I jn „ ( ] ie sam ,, t hat recently purchased the
| (;| os ter gold mine in the Silver Creek district.
_ . . _
j i. Helena
A ial ( ,j spatcll from Helena yesterday
j U] . a Ge0I . ge r. Bell, pressman in tlie
i shooting him
och in tue ____________few minutes.
p ronl p tC( j i,j m to the commission of
' : states that George It- Bell, press«
| Indepmdenl 9U icided by sho<
^ IIe die(J in a fe*
tlie rash act is not stated, but the cause is
presumed to he unrequited love.
[ lie Herald rejoices iu a column paragraph
over tlie arrival iu Helena ot an assistant op
erator at tlie telegraph oflice.
uli lligeiii boy. between the age of 12
ami 14 year*, to learn the printei s trade.
Id have a fa'.r school education. Apply
a! ihi« I Dice, or bv letter to H. T- Brown, if
Notica lo Woodchopptr«.
MON TA NaVuITKH Ct)MPAN\ .
i:i N inrsupplying white pine
Go receive 1 a! Offlceor........*
la temperance- and Expo* tire End the
Lite of Peter Hume.
About one o'clock on Friday night a po
liceman found a man lying in tlie road be
tween Taylor's saloon and tlie Western
brewery. He was apparently fast asleep, but
on being awakened and assisted to his feet
agreed to go home without further de'ay.
The policeman then left him and entered a
saloon. Soon afterwards Dennis Farrel, who
was passing down the street, discovered a
man lying in the snow. He called to his
assistance the policeman above referred to,
who at once identified the prostrate and
almost insensible man as Peter Hume, whom
he had started to his cabin buta few minutes
previous. Owing to the coldness of the
weather and to the large amount of liquor lie
had taken, the unfai-tunate man was unable
to walk, and a job wagon which stood in
front of Todd's was brought into requisitiou
to lake him home. With the assistance of
several gentlemen who knew the old man iu
his flush days, the policeman conveyed him
to his cabin, located a short distance soin h
easl of tlie city, aud put him to bed, where he
was left, as they supposed, in a safe and com
fortable condition. At seven o'clock yester
day morning a messenger was sent down to
see what was required to "mace up" the old
gentleman, but Hie messenger found him
A coroner's jury was called by Judge Bar
rett, and a verdict was rendered in accord
ance with tue facts as stated, viz : That
deceased came to his death from tlie effects of
iutemperauce and exposure.
Peter Hume lived in Butte many years,
coming here wlieu it was a placer camp. He
was always known as an honest, good-hearted,
industrious man ; but though lie was not
addicted to the constant use of liquor, he in
dulged occasionally to excess.
The committee appointed to make inquiries
relative to the probable cost of building four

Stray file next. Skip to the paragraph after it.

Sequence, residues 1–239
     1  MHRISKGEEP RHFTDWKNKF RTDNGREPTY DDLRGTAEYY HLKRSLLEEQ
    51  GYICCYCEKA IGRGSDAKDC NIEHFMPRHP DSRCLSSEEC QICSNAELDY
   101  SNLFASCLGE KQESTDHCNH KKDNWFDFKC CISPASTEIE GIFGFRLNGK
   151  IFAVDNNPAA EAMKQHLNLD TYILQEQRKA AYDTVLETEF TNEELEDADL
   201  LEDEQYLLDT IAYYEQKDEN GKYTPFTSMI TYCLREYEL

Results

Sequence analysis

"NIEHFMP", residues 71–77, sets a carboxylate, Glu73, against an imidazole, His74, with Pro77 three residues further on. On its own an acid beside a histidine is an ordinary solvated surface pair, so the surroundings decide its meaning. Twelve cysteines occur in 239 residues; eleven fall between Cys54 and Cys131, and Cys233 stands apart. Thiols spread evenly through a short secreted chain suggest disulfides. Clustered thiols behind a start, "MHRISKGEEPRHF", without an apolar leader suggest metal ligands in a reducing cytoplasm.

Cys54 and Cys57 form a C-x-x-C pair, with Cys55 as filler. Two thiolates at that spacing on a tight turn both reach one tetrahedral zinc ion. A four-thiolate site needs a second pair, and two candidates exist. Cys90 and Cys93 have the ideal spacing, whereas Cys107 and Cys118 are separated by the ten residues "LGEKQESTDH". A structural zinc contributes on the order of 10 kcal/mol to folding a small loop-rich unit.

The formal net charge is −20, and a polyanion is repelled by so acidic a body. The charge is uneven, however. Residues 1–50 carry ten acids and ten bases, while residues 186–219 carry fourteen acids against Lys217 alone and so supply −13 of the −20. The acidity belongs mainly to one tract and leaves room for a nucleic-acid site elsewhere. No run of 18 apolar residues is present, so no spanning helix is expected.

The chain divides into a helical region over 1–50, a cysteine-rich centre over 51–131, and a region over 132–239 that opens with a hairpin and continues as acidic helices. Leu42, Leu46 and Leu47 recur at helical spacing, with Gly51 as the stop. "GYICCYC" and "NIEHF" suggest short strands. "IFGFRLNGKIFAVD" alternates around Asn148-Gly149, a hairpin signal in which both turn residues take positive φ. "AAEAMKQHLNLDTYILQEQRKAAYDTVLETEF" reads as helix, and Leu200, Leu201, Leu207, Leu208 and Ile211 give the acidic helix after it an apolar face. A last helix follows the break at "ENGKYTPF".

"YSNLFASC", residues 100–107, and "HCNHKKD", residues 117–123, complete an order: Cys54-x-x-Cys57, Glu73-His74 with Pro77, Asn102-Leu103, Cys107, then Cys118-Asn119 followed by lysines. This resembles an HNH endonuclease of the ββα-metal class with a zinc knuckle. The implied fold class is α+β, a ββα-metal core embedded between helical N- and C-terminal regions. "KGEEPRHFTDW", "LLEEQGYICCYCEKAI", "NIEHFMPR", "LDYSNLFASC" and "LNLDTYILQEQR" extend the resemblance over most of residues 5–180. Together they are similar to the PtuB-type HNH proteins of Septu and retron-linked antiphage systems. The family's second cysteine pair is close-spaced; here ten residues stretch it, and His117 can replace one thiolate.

plank lined cisterns in Mam street for fire
purposes reported that $400 each was the
Ou motion a committee was appointed to
draw up plans and specifications for the same.
Kesignalion of Alderman O. B. Whit,ford
was read and accepted, and tlie 2nd of De
cember appointed for au election, in the 4th
ward, of his successor.
On motion tlie petition of LeLande &
Ayotte, asking the privilege of running
dance house witliiu the corporate limits, was
taken up and after some discussion referred
to a committee.
Mr. C. O. Ruilirauff, agent of the Brusli
electric light, was introduced, and explained
the operation ot the light in eastern cities,
where it is being used forstreet illumination.
He concluded by making a proposition to
light Butte for $15,000 ior five yea s, divided
as follows : $2,0GG the first year ; $2,500
the second ; $3,090 the third ; $3,500 the
fourth and $4,000 the fifth. Tills division of
thepr.ee is made to anticipate the growth of
the city that is sure to come, and makes the
tax an exceedingly light one to beg'n w ith.
The city would oe given from 30 to 60 days
to decide whether the contract was complied
with, and would not be asked to expend a
dollar iu the experiment. Tlie illumination
promised would equal 1,003 gas lamps. The
council accepted an invitation from Mr. liutu
rauffto visit the Alice works Monday even
ing at half-past six.
A committee of three, consisting of Alder
men Roach, Lowery and Gainer, was appoint
ed to examine the new method of illumina
tion and to report at tlie next meeting on the
advisibility of accepting Mr. lvulhraufFs
proposition. Adjourned until Wednesday
LIST OF LLTTLHS
Derrick, J C
English, C W
Files, P E
Finch, Miss Mary
Foster. Mrs Annie
Goldman, Iiobl K
Gull lotte, Henry
Harrington, Dan C
Herron, C C
Hopkins. J A
Jewel, C H
Largent. N S—2
Li by. Mrs B
Loams. Mrs Thos
MeCleem, T B
McAlfry, Mrs Sarah A
Miles, Harry S
Miller, Dan E
Price, Wm J—2
Pullen, Mrs Alice
Roland. Henry 8—2
Thi vierge, Theophile
Vaughan, W H-2
WUson, C F
Wyman, E W
Worthington, Geo I'
Wesson, Geo E
Wright, John W
In calling for tlie above say '•auv^rtised'' and
give dale of list.
W. Kubrrt Smith. Postmaster.
To Miners and MilIM cn.
Centennial 10 Stamp Quartz Mill and 15 acres
of Land for sale or lease at a bargain.
For terms inquire of H. S. CLARK, or at
Donnell. Claus A Lakauik's Bank. 29 dlf
BUTTE CITY, MONT.,
MILO FRENCH : PaoraimioK
Good Accommodation a for l.odgero.